Treatment outcome in adults with chronic fatigue syndrome: a prospective study in England based on the CFS/ME National Outcomes Database

Editor’s Comment: The authors of this study do not state in their abstract how the data for the statistical analysis were gathered. In the full article, the authors reveal that the data were generated from a questionnaire. No psychiatric or objective measurements of improvement were employed. The accuracy of questionnaires, as well as other self-reporting techniques, has been called into question by numerous statisticians.

~Source: QJM. March 28, 2013.

By E. Crawley et al.

Background: Chronic fatigue syndrome (CFS) is relatively common and disabling. Over 8000 patients attend adult services each year, yet little is known about the outcome of patients attending NHS services.

Aim: Investigate the outcome of patients with CFS and what factors predict outcome.

Design: Longitudinal patient cohort.

Methods: We used data from six CFS/ME (myalgic encephalomyelitis) specialist services to measure changes in fatigue (Chalder Fatigue Scale), physical function (SF-36), anxiety and depression (Hospital Anxiety and Depression Scale) and pain (visual analogue pain rating scale) between clinical assessment and 8–20 months of follow-up. We used multivariable linear regression to investigate baseline factors associated with outcomes at follow-up.

Results: Baseline data obtained at clinical assessment were available for 1643 patients, of whom 834 (51%) had complete follow-up data. There were improvements in fatigue [mean difference from assessment to outcome: -6.8; 95% confidence interval (CI) -7.4 to -6.2; P < 0.001]; physical function (4.4; 95% CI 3.0–5.8; P < 0.001), anxiety (-0.6; 95% CI -0.9 to -0.3; P < 0.001), depression (-1.6; 95% CI -1.9 to -1.4; P < 0.001) and pain (-5.3; 95% CI -7.0 to -3.6; P < 0.001). Worse fatigue, physical function and pain at clinical assessment predicted a worse outcome for fatigue at follow-up. Older age, increased pain and physical function at assessment were associated with poorer physical function at follow-up.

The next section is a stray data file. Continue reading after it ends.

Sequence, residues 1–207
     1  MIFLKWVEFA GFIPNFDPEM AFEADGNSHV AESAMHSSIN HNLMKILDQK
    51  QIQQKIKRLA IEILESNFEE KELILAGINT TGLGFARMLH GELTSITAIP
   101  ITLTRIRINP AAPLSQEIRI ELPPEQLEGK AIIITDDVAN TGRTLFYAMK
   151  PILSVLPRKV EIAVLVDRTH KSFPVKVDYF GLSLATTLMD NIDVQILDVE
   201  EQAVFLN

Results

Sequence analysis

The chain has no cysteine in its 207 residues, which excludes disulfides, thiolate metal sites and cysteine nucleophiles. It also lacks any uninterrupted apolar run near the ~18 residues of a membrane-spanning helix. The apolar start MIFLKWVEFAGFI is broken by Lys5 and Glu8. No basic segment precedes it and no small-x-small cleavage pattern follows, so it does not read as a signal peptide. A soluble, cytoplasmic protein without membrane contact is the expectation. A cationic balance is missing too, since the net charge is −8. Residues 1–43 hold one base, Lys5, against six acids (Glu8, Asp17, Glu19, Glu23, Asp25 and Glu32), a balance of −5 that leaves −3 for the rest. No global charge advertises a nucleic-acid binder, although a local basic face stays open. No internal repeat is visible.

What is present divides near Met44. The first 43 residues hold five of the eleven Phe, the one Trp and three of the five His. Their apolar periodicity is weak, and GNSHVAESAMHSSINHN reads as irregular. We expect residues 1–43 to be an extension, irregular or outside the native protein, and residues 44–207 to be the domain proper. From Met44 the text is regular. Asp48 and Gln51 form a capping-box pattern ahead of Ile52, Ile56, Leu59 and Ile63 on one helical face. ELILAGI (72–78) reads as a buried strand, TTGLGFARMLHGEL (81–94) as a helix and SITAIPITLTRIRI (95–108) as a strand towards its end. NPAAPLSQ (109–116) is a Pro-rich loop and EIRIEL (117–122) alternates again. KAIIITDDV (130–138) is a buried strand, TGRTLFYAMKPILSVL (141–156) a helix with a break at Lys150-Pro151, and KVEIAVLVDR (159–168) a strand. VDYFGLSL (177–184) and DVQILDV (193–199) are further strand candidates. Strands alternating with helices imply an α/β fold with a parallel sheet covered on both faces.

Conclusions: Patients who attend NHS specialist CFS/ME services can expect similar improvements in fatigue, anxiety and depression to participants receiving cognitive behavioural therapy and graded exercise therapy in a recent trial, but are likely to experience less improvement in physical function. Outcomes were predicted by fatigue, disability and pain at assessment.

Source: QJM (2013) doi: 10.1093/qjmed/hct061 First published online: March 28, 2013. E. Crawley, S.M. Collin P.D. White, K. Rimes, J.A.C. Sterne, M.T. May, CFS/ME National Outcomes Database

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